Point Lookout: a free weekly publication of Chaco Canyon Consulting
Volume 21, Issue 46;   November 17, 2021: When You Feel Attacked

When You Feel Attacked

by

Verbal attacks might be upsetting, but in creative conflicts they're usually permissible if related to substantive matters. When verbal attacks are personal, they can be unfair and illegitimate. The ability to recenter yourself quickly is invaluable.
Horseshoe Lake in Shaker Heights, Ohio

Horseshoe Lake in Shaker Heights, Ohio, a picture of tranquility. One aid in maintaining composure under fire is memory of a tranquil scene.

Conflict — constructive, destructive, or both at once — sometimes leads to painful personal attacks by one party on another. And the pain of personal attacks can compromise our ability to respond effectively. In such circumstances, when we feel attacked personally, formulating and executing effective responses requires the ability to first recover our thinking powers. Seeing the attack from a perspective different from the personal one can provide that ability.

Some attacks are indeed motivated only by a desire to inflict psychic pain. But recognizing that some attackers have other motivations can help find a perspective that is a sound basis for effective response. To find that perspective, begin by recognizing that the attack might not be what it seems. It is for these other kinds of personal attacks that this post can provide tools. Below are four forms of personal attacks that are driven by motives more complex than simple infliction of psychic pain.

Maybe the attack is actually a counterattack
Even if you haven't attacked anyone, your attacker's perception might be that you have attacked either your attacker, or possibly someone else. Because your perception is that you haven't attacked anyone, you probably experience the attack on you as unprovoked. But your attacker sees things differently.
Untangling Some attacks are indeed motivated only
by a desire to inflict psychic pain, but there
are many other possible motivations
this confusion can be difficult, because the difference in perceptions interferes with the communication necessary for aligning the perceptions. A third party can be helpful and necessary.
Maybe you aren't the ultimate target
Although the attacker might be attacking your position or your person, the real target might be someone or something else — your supervisor or mentor, or one of your subordinates, or one of your initiatives, or some other initiative that depends on your support.
Before you counterattack the attacker, consider carefully what your attacker's objective might be. If you aren't the ultimate target, consider forming an alliance with whomever or whatever might be the ultimate target.
Maybe the attack is only a demonstration
Your attacker might not be trying to discredit you or your position. Rather, the attack might be intended to cause you to adjust or abandon your position voluntarily, by demonstrating what the attacker might know or might do if you don't do as the attacker desires. The intended audience of the demonstration might be you, or it might be someone else.
Understanding the attacker's objective might require that you determine the identity of the demonstration's intended audience. An alliance with the members of that audience can prove powerful.
Maybe the attacker is a proxy
Some attackers are acting as proxies for people who might not be directly involved in the conflict. These outside parties have an interest in weakening the target, or detaching the target from the target's current position. To convince the attacker to engage, the outside party might be employing incentives or disincentives.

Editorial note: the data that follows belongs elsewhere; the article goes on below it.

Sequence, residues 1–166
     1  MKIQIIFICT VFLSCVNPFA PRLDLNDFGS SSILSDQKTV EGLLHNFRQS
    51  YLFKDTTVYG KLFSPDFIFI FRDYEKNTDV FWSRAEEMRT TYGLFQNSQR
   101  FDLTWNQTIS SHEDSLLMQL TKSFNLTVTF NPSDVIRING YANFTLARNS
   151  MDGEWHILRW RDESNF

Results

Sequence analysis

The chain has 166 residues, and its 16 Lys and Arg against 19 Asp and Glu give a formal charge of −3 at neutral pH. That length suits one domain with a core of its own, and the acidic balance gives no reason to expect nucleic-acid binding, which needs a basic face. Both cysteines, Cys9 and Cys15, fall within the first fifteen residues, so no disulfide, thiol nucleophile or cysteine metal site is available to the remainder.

If the attacker is responding to incentives or disincentives from an outside party, knowledge of the nature of those inducements can be helpful in devising a response. Greater incentives or more severe disincentives might be sufficient to alter the attacker's behavior.

These are only examples of alternative explanations for the attack. The theme that unites all these examples is that the attack might not be what it seems to be, and if it is, the attacker might not be motivated by animus toward you. If you can keep that thought in mind as the attack unfolds, you're more likely to gain insight into what's really happening. That insight can help you remain centered and find a way to respond effectively. Go to top Top  Next issue: Three Levels of Deception at Work  Next Issue

101 Tips for Managing Conflict Are you fed up with tense, explosive meetings? Are you or a colleague the target of a bully? Destructive conflict can ruin organizations. But if we believe that all conflict is destructive, and that we can somehow eliminate conflict, or that conflict is an enemy of productivity, then we're in conflict with Conflict itself. Read 101 Tips for Managing Conflict to learn how to make peace with conflict and make it an organizational asset. Order Now!

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See also Conflict Management and Effective Communication at Work for more related articles.

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When projects overrun their budgets and/or schedules, we sometimes "downscope" to save time and money. The tactic can succeed — and fail. Three common anti-patterns involve politics, the sunk cost effect, and cognitive biases that distort estimates. Available here and by RSS on October 5.
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We sometimes "downscope" projects to bring them back on budget and schedule when they're headed for overruns. Downscoping doesn't always work. Cognitive biases like the sunk cost effect and confirmation bias can distort decisions about how to downscope. Available here and by RSS on October 12.

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